Last month, the U.S. Government Accountability Office (GAO) published a report finding that 91% of U.S. colleges essentially misrepresent the cost of attendance by understating or not including net price in their financial aid offers.
This makes it hard for students to compare schools and make informed financial decisions, and it can lead students to eventually take on more debt than they planned.
The report, “Financial Aid Offers: Action Needed to Improve Information on College Costs and Student Aid,” found two thirds of a nationally representative sample of colleges and universities were not following best practices for providing clear and standard financial aid offers:
- Just 9% of schools reviewed by the GAO follow the best practice of estimating net price by subtracting only grants and scholarships that don’t have to be paid back from the the key costs of attending. Key cost of attending includes tuition, living expenses, books, and other required expenses.
- About 41% of colleges do not include net price at all in their financial aid offers to students, leaving it up to students to guess how much they will need to borrow.
- About 50% of colleges understate net price by excluding key costs such as books and living expenses while factoring in loans that must be repaid by the student. This makes the college look like a better financial deal than it actually is.
“The GAO report showing that students are not given the full picture of their financial obligation is, unfortunately, no surprise. This leaves millions of college enrollees annually signing on for loans and terms that they may not fully understand — or fully plan for based on their career track and chosen school,” says Steve Colon, CEO of Bottom Line, in response to the GAO’s findings.
“The impact can be financially catastrophic, given the rising cost of education, housing and the general increase of costs in cities where colleges are located.”
BLACK AND BROWN STUDENTS LIKELY MOST HARMED
Bottom Line is a non-profit working with degree-aspiring students from first-generation, low-income, and under-resourced communities. It partners with students to not only get into college, but to earn a degree and launch a career afterwards.
It notes that statistics from The Education Initiative and The Education Trust show that Black college grads leave college with an average of $25,000 more in debt than white students, and nearly half of Black graduates owe 12.5% more than they initially borrowed four years after commencement. Meanwhile, women hold two-thirds of $1.7 trillion in student loan debt in the U.S., with Black women feeling a compounded impact of inequity in job pay and opportunity.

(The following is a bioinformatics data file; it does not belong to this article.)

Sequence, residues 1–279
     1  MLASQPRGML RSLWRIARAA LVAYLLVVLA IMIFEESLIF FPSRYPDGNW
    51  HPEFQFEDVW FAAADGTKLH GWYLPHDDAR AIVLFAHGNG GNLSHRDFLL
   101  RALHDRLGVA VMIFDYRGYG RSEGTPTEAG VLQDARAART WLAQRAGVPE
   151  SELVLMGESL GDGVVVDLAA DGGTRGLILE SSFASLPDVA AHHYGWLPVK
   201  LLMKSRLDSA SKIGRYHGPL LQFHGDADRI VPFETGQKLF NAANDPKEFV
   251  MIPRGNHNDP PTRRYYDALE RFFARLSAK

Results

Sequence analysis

“For Black and brown students who come from the most under-resourced communities, the impact of this lack of disclosure can be even deeper and more financially harmful, likely contributing to above average student loan burden,” Colon says.
As of now, there is no standardized method for reporting financial aid offers to students, so colleges and universities are free to report as they choose. That makes comparing offers and assessing college affordability difficult for students. The GAO suggests congress require colleges to include clear, standardized information in all financial aid offers.
A MATTER OF LAW
According to the GAO report, the Department of Education dispersed $112 billion in financial aid to students through various grant and loan programs in fiscal year 2021. While federal law does require colleges to provide standard financial aid information to certain student veterans, it does not extend to other student groups.
“The lack of financial aid offer requirements could lead other students to make uninformed and costly decisions, such as enrolling in an unaffordable college. Further congressional action would be necessary to ensure that all students receive the information they need in their financial aid offers to make informed education and financial choices,” the GAO states.
The GAO notes that this is a matter for Congressional Consideration, and recommends that the legislative body takes action.
“There are solutions. As the GAO says in its report summary, Congress can and should act to make full cost disclosure mandatory at the start of the process,” he says.
“Beyond that, there are solutions we’ve implemented in our programs that help students navigate this system, with successful outcomes.”
For example, Bottom Line partners with degree-aspiring students beginning in high school to provide them with direct advice, counsel and support – through the college selection and financial aid process, course choices and career path trajectory, and more.
“While we believe Congress should act, we also welcome partnership with cities and states to implement our programs in their college systems, to give those students who most need it a chance at success,” Colon says.
You can read the GAO report here.
Learn more about Bottom Line at Bottomline.org.
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